State House opens doors to African drama

State HouseHaving moved into original entertainment programming, East African pay TV operator Zuku is starting to invest in its own dramas, including Kenya’s answer to The West Wing. Local execs believe the region could be set for a booming scripted trade.

East Africa’s Zuku has moved into originals as a way to differentiate itself from larger incumbent pay TV operator Multichoice. Having commissioned lifestyle shows including Tales from the Bush Larder, Zuku’s move into drama is now underway.

Particularly in the Kenyan market there is a demand for local content, but it is often produced for just US$5,000 per half hour.

At the other end of the scale is NGO-funded drama production at US$40-50,000 per hour, with notable examples including Kenyan series Makutano Junction. The Department for International Development contributed to the budget for the show, which was made by Kenyan prodco Mediae for Citizen TV.

Hannelie Bekker croppedZuku’s challenge was to bypass the low-cost, low-quality model and the NGO-backed high-cost content that has, in part, the goal of imparting social messages and would not sit well on pay TV.

“They have high production values but are not what you watch before watching Dexter,” says Hannelie Bekker, managing director of programming at Zuku parent company Wananchi (left). “There is a gap for mid-priced drama that is pure escapist entertainment.”

Music-themed drama Groove Theory and political drama State House are the first two dramas fitting that bill. State House (pictured) launched on March 3 and is billed as Kenya’s answer to The West Wing. Filmed in the Kenyan capital, the 12x30mins series is set in Nairobi’s presidential residence in 2013 and follows a young newly elected and radical president set on reforms.

The Zuku Entertainment channel coproduces with Wanuri Kahiu and Rebecca Chandler’s prodco Awali Entertainment. It is in a mix of Swahili and English.

“At last there is a Kenyan series we can be proud of,” Bekker says, adding that she hopes it becomes a returning show and gives Zuku an edge over the competition. “It’s really about having a USP. This is ours, it is not something we have licensed for two years. We’re engaged in a battle for [subscribers’] hearts and minds, and this goes straight to the heart.”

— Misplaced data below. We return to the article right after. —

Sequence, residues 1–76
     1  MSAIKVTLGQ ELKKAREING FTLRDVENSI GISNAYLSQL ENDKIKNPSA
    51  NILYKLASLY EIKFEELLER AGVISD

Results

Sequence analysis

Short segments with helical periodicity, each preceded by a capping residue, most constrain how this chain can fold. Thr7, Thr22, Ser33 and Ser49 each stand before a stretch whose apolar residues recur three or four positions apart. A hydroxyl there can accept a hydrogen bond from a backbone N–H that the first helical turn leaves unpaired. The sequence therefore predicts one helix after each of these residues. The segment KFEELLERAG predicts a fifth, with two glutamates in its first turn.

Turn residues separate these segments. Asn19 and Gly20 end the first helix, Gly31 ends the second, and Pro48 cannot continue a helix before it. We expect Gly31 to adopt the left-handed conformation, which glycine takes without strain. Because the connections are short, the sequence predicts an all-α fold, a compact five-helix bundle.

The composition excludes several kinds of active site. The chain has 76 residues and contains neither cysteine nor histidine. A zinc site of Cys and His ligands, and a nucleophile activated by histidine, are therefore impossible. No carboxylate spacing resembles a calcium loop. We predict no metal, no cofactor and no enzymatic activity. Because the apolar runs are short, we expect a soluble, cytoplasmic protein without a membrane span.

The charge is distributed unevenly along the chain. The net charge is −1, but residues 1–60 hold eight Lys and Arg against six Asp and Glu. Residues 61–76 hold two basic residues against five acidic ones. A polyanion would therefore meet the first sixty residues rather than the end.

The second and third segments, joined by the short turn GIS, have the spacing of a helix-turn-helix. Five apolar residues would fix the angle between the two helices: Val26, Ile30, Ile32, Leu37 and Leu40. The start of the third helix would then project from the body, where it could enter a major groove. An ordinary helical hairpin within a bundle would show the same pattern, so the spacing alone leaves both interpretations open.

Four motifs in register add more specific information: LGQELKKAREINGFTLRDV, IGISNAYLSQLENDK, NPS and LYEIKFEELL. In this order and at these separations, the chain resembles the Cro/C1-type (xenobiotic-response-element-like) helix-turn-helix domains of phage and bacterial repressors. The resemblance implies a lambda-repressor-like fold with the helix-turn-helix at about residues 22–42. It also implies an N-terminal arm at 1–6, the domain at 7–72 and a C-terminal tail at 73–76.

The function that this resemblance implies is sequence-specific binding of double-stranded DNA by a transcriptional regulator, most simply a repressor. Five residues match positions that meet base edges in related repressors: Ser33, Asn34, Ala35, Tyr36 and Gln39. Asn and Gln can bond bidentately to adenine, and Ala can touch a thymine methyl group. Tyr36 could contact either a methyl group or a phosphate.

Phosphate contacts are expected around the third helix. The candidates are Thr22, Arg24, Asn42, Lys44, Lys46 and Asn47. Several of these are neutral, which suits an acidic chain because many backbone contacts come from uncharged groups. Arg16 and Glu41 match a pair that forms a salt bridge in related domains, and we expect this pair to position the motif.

Off the back of a positive reception for State House, Zuku has relaunched Groove Theory, which was a coproduction between Zuku and Kanjii Mbugua’s Kijiji Entertainment.

There is a gap for mid-priced drama that is pure escapist entertainment – Hannelie Bekker, Wananchi Group

There is clearly an appetite among producers in the region and beyond to work in the new pay TV drama space.
Zuku had 60 proposals back after putting out a request for proposals for original scripted projects from as far afield as the UK.

The dramatic plan for Zuku, Bekker says, is to have two original dramas on its books at a time, so post-State House and Groove Theory the door is open for more African drama.

Telemundo’s telenovela action in Africa

Karina Etchison, senior VP of sales for Europe, Middle East, and Africa at Telemundo Internacional, says the genesis of its expansion into Africa was a fax (this was in 2006) from Angola asking about its novelas. A trip to the now-defunct Sithengi African TV market followed and it became clear that the programming would need to be reversioned into English to sell widely.

It dubbed El Cuerpo del Deseo (Second Chance) and others and built a healthy sales business in Nigeria, Kenya, Ghana and Namibia. Uganda, Zambia, Tanzania, Lesotho and Zimbabwe, and recently Rwanda followed suit and started buying.

Etchison says the similarity between the African ‘soapie’ and telenovela has helped spur the market. “Soapies and telenovelas have greater significance locally than they do in the US market, where soap operas are reduced to daytime viewing,” she says. When series stretch to over 100 episodes the cost of dubbing is high, but maintaining quality is key to sales, Etchison says. “African audiences are very keen on this issue; it is considered an insult if not done well,” she adds.

Last year Telemundo launched a channel on the DSTV-owned Multichoice pay TV platform. Telemundo Africa rolled out in English last August in 48 territories in the region, with a Portuguese version for Mozambique. Etchison says the next wave of expansion will involve reaching into new markets, formatting its novelas and using the African rollout as a template in other English- and Portuguese-speaking markets.

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